Fancy dipping your toe into the water of enterprise without chucking in the day job? Here’s how you can enjoy the freedom of starting a side project while staying tied to the safety of your full-time gig.
There comes a point during many a working life when enough is enough. Maybe the boss is really grinding your gears, customers are testing your resolve or that commute can just go and ‘do one’. In these kinds of scenarios, you might want to leave it all behind and become your own boss with that neat little business idea you had the other week.
Of course, walking away from a secure job is a huge risk. So why not compromise? Setting up a small side project whilst still in work, just to test the water, is completely do-able. But where do you begin? With the tips we’re about to give you, of course.
- Do your sums
Before anything else, you need to know how much your side project costs, how much time you have and whether or not you can actually afford it. Do you need to rent premises or buy stock? If it is web based you’ll need a site, a domain and server space – how much do you want to fork out for that?
All this might involve spending more time than is healthy on Excel or Google Sheets, but it’ll be totally worth it in the end. If everything adds up, go for it!
- Get tooled up
You’ll also need to consider the necessary tools. Of course there are physical tools, which will depend on what you’re doing. If you’re making luxury jam, for example, you’ll need jars and ingredients. If you’re screen printing T-shirts you’ll need to rent or buy a screen printer, and get hold of T-shirts and ink.
The basic digital tools – a productivity suite like Google Docs or Microsoft Office, a website/blog powered by a content management system (CMS) and an email account – are almost always necessary. Yola.com is a good, free, business-focused example of a CMS that can help create professional-looking websites that show you’re ready for business.
They’re not vital at the start of a business, but what about social media marketing and time management platforms? Free visual-planner-meets-scrapbook Trello.com is a good example of the latter. You’ll also need something to help with the painstaking process of running the accounts; this can be done on software such as Excel or Google Sheets.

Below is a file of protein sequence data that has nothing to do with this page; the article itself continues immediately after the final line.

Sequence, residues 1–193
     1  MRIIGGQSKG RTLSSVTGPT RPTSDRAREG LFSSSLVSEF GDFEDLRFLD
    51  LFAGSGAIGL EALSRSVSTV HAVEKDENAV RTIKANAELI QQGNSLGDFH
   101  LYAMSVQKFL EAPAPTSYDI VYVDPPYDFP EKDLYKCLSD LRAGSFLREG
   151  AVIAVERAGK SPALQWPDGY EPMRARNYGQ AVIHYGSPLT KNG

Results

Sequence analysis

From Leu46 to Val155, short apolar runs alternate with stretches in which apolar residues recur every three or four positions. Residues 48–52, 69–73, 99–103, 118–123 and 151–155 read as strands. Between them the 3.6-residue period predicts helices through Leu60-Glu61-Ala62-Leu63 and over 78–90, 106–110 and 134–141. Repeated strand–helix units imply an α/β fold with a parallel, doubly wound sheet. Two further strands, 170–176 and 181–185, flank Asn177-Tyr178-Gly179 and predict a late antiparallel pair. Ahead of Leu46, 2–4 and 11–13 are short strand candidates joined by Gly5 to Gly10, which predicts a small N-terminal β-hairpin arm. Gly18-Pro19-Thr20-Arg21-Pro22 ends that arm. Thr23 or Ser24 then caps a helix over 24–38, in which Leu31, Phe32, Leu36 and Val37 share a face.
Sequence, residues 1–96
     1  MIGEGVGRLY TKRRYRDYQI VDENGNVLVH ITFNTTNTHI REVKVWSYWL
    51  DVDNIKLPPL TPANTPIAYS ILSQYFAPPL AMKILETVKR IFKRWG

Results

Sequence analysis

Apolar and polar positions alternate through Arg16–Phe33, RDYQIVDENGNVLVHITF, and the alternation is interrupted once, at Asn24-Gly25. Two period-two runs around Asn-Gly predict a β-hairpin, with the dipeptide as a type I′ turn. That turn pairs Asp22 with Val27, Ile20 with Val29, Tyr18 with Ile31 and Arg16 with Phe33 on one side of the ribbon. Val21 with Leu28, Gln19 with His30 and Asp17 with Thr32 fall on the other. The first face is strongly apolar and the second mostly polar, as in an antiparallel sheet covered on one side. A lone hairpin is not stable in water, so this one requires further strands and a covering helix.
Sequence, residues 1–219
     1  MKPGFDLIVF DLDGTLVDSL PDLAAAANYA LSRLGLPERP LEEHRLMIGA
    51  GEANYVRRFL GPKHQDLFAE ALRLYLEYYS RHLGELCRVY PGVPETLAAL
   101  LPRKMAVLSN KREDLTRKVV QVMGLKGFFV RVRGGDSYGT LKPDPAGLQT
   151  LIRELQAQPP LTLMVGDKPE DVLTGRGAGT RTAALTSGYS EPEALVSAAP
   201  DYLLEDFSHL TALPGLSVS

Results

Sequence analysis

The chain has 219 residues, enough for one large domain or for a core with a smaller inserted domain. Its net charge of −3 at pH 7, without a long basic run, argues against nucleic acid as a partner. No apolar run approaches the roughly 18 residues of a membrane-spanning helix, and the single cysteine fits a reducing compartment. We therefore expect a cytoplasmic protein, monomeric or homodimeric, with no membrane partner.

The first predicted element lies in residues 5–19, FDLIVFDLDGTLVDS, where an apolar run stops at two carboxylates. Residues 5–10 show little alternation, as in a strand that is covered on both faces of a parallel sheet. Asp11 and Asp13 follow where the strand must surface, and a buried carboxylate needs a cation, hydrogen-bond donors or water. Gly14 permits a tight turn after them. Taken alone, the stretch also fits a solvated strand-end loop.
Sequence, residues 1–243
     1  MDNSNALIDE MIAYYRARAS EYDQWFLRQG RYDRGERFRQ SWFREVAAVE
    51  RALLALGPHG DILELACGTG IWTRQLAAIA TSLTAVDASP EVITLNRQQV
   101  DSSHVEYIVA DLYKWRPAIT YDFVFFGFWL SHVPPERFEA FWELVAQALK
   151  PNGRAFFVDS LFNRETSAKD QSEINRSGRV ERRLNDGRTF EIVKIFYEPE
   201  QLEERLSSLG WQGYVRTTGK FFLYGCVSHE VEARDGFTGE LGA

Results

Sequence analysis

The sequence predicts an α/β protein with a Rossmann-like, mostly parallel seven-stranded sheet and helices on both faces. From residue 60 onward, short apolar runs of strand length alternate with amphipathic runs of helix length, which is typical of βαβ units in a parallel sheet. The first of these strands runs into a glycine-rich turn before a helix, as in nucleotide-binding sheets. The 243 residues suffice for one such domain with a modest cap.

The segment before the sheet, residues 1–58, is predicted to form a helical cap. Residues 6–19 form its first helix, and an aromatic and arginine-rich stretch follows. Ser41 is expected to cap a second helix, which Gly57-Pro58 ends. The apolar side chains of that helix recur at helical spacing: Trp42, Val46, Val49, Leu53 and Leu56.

Be sure to bear in mind costs too, as you don’t want to find yourself in the red; that can see your sweet dream turn sour.
- Find skilled collaborators
Running a one-man band does sound tempting, but having a friend or two with a skillset, such as web design, sales or marketing, can help your bit on the side to blossom into something far greater.
Depending on the size of the organisation you want to develop into, it might even be worth getting a team of around four or five people together, just so that you’re not carrying the load on your own.
- Get gabbing
Once you have everything in line, the next step is to network as if your life depended on it! Hit relevant forums and social-meets-business sites such as LinkedIn. Equally, don’t forget there was once a time when humans spoke face-to-face. Why not be retro and go to a “networking event” in your area?
- Keep it internal
Of course, we’re talking like your second gig is going to be a secret you hide from your work colleagues – like that Kardashians fixation you’ve been meaning to get looked at. But your employers might be able to offer support with days off, money or expertise.
Consider your boss’s personality and interest in small business. You know them better than we do, so take the time to assess how you think they could react to the news. If you think they’d like to be involved, it could be the step that helps your dream turn into a real business.
Now that you know how to take the first few baby steps onto the entrepreneurial ladder, you’re ready to get selling. And don’t forget that Twitter and Scotch tape both started off as side projects, founded by people who already had full-time jobs – and they’re both wildly successful. Good luck!